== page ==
An excellent general survey of the period. The text is clear and well-organized. However, the book doesn't really deal in any depth with the political/military developments; it is more concerned with the social and cultural aspects. A more detailed chronology and maps would also have been helpful.
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Most Helpful Customer Reviews on (beta) 3.5 out of 5 stars  2 reviews
17 of 18 people found the following review helpful
4.0 out of 5 stars Good Overview of a Neglected Period 15 Sep 2005
By John W. Oliver - Published on
In an effort to understand more of the historic development of Italy, I picked up this book from the local library. The book covers a wide range of time, from 476-1000, and each chapter is an essay covering a particular aspect of this period. The book is definitely not all inclusive, and it is not meant to be. The essays do give the reader a good sense of what is happening and how Italy is changing through the time period.

Overall, I found the essays to be well-written. Some of the essays are drier than others, making them more difficult to focus your attention upon. I like the idea of the subject specific essay though, allowing the reader to understand an aspect as a whole for a period before passing onto the next.

The book concentrates mostly on Northern and Central Italy. Southern Italy does not receive the same attention. From the text, I would gather that there is less material about the area available to study this period. Perhaps as more archaeological evidence is found and local histories are gathered, we can understand more about what happened in this area in this period (Note: the Byzantine Empire controlled the area for much of this period, as opposed to the Lombards, Goths and Carolingans farther to the north).

I would definitely recommend this book to anyone wanting to know more about this period. It is important to understand the transitions that a culture makes if you are going to understand why a land is how it is (and if that makes sense to you, good).
1 of 1 people found the following review helpful
3.0 out of 5 stars Good, but uneven, and you're going to have to work for it 19 Feb 2013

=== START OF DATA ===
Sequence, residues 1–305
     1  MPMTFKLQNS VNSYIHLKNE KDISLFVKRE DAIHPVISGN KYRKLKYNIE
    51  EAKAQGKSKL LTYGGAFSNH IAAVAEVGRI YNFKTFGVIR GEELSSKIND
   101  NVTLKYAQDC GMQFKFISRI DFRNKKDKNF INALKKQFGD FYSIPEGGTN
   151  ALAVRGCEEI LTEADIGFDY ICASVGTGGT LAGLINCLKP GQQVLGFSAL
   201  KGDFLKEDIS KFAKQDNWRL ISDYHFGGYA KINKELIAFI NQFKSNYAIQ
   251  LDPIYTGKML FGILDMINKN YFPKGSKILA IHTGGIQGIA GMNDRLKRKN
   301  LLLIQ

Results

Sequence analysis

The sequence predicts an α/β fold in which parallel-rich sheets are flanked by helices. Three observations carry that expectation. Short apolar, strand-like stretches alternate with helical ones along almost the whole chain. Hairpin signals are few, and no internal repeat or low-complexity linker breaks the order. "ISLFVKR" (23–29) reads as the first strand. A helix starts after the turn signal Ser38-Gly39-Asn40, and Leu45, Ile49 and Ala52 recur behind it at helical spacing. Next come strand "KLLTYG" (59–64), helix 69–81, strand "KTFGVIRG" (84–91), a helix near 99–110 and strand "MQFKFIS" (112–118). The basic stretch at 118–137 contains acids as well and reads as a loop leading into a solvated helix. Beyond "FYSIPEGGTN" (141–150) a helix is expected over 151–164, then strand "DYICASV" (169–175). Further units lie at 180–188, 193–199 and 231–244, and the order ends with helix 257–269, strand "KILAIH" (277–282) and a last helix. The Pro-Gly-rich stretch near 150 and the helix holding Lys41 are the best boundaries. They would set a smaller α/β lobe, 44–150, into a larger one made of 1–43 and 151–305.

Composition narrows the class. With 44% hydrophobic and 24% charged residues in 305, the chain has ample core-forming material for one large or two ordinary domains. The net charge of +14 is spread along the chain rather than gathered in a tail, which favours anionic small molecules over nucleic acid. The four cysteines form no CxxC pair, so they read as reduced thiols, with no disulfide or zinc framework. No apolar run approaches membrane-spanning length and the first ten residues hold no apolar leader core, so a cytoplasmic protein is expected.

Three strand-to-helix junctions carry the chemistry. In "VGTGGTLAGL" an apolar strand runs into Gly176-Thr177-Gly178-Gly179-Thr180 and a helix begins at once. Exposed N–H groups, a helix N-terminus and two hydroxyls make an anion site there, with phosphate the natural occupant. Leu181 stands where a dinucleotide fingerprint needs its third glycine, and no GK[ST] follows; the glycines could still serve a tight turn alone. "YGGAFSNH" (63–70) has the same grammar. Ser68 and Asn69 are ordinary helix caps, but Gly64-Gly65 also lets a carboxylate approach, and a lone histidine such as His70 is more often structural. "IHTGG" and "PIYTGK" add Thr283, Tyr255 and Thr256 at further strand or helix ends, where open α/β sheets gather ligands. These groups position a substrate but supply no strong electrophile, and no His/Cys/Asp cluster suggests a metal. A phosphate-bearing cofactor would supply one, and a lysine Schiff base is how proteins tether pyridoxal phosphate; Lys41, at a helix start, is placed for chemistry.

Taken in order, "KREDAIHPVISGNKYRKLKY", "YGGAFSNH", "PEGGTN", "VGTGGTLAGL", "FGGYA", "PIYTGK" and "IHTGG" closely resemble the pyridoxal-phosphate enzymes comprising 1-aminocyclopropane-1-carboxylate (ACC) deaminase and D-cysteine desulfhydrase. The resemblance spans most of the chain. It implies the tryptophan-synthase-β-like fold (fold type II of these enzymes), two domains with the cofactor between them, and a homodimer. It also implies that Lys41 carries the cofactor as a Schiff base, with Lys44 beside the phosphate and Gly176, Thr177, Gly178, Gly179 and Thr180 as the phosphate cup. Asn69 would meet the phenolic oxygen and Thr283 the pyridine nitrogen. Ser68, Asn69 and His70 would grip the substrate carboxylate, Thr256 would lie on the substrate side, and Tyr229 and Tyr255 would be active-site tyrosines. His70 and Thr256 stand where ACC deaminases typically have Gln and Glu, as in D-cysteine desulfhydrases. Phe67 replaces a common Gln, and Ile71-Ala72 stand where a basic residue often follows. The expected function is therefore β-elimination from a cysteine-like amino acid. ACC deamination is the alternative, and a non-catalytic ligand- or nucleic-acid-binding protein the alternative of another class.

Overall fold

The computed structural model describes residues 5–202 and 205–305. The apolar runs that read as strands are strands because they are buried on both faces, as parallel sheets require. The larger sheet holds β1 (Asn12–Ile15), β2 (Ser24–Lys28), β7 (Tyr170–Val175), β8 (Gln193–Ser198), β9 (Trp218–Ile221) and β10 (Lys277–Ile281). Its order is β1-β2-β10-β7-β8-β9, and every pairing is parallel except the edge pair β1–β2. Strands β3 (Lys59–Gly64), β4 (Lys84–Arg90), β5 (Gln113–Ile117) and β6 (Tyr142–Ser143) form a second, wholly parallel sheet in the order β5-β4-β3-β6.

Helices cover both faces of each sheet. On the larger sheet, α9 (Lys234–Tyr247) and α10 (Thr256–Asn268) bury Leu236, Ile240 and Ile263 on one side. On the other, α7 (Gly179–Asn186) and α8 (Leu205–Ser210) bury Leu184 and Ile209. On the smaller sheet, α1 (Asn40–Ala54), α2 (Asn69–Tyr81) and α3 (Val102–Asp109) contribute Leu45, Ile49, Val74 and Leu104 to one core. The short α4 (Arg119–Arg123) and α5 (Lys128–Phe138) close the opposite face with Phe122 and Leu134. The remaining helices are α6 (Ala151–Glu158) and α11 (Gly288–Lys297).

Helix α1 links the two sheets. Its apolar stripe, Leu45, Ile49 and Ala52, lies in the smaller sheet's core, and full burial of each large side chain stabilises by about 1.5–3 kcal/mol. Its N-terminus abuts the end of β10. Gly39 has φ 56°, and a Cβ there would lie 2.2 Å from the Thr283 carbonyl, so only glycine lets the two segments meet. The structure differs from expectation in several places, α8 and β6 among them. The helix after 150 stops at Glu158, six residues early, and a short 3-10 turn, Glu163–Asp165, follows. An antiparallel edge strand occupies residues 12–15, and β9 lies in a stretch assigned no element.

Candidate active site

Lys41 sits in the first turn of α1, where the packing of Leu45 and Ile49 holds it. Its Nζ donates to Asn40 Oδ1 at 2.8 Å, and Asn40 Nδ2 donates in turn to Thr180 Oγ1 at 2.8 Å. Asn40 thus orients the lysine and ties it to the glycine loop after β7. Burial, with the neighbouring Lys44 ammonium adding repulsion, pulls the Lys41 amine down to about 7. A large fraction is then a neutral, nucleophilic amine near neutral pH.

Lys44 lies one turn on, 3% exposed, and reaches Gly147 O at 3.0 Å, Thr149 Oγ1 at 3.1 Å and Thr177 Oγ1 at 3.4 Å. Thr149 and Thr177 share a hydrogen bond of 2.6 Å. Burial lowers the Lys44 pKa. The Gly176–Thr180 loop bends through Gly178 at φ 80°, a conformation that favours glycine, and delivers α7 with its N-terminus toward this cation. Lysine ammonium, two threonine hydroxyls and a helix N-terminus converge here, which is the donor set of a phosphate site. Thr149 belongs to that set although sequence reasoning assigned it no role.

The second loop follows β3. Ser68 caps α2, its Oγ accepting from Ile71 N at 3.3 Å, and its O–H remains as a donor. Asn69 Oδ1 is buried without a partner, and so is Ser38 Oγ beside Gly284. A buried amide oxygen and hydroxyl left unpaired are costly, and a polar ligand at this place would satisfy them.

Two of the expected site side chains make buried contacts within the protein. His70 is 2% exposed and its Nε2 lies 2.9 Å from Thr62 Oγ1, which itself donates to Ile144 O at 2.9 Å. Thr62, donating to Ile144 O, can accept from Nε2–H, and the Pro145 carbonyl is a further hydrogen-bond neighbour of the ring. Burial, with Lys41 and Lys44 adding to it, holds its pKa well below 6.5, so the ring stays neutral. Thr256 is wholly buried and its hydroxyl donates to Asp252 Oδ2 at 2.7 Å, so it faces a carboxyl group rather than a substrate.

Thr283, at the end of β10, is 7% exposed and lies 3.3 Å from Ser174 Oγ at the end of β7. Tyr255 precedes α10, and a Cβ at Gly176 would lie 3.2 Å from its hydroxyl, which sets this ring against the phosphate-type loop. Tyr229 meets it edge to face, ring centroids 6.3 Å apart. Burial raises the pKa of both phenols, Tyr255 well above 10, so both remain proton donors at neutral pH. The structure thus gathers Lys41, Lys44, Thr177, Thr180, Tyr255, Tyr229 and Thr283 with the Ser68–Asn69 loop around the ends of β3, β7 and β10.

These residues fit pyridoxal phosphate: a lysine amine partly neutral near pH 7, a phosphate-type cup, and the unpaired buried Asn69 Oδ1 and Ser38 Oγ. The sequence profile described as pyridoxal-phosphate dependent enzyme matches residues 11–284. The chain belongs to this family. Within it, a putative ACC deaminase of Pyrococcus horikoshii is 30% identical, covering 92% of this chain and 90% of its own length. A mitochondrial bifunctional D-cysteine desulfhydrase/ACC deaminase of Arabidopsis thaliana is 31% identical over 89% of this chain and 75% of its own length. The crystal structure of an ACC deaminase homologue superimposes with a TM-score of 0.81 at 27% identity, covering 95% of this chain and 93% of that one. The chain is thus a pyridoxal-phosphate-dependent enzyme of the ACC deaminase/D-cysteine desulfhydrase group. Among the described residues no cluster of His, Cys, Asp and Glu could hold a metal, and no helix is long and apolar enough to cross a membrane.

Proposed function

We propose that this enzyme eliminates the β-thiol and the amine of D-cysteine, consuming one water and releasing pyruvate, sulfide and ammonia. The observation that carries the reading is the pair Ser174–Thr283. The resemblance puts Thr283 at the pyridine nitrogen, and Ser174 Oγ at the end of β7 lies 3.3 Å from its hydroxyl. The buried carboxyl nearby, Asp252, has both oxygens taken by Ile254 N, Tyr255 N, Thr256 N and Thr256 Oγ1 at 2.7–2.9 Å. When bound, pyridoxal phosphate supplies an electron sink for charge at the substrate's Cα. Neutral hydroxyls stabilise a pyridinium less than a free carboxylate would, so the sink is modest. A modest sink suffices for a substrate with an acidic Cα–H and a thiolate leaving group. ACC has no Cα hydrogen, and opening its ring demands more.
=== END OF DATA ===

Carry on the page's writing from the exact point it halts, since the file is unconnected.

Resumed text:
By Sabbatic - Published on
Format:Paperback|Verified Purchase
This seems to be one of the few books in this series which hasn't received a review by someone complaining that it's not narrative history and assumes a fair amount of knowledge. That said, for someone who hasn't read the reviews, it's worth pointing out that a book like this requires more work than reading through a narrative account. If nothing else, you'll need to refer to the timeline at the end a lot to orient yourself, and you'll need to be able to infer the meaning of a lot of terms on the fly. With regards to the latter, I'm still baffled as to why the glossary at the end is so small. There are a lot of specialist terms in these essays (from Medieval culture, from the study of the early church, and from archaeology). I'm no stranger to Classical history but often found myself confronted with terms that weren't glossed. I prefer this sort of history myself, but then I had far too many years of grad school.

As for the essays themselves, some are great (e.g. the chapter on the Rural Economy), others well illustrate the belief that Italian scholars can't see the forest for the trees (e.g. the chapter immediately following the latter). Since new archaeology looms so largely in the study of this period, you'll get many pages of details on this location, then that location, then that location, etc. In the hands of some authors, all that can be framed in a way that doesn't make it simple, but makes it comprehensible at a higher level. For some chapters though, one is confronted by a long series with a single limp sentence here and there meant to somehow give one a perspective. One is also left wondering sometimes why some topic is actually significant. The final chapter is a good example of this. It has a point, but not a strong one, and not a well argued one. Moreover, the author repeats it something like 6 times without ever giving a good sense of why the ability to catalog changes in epigraphic script really matters.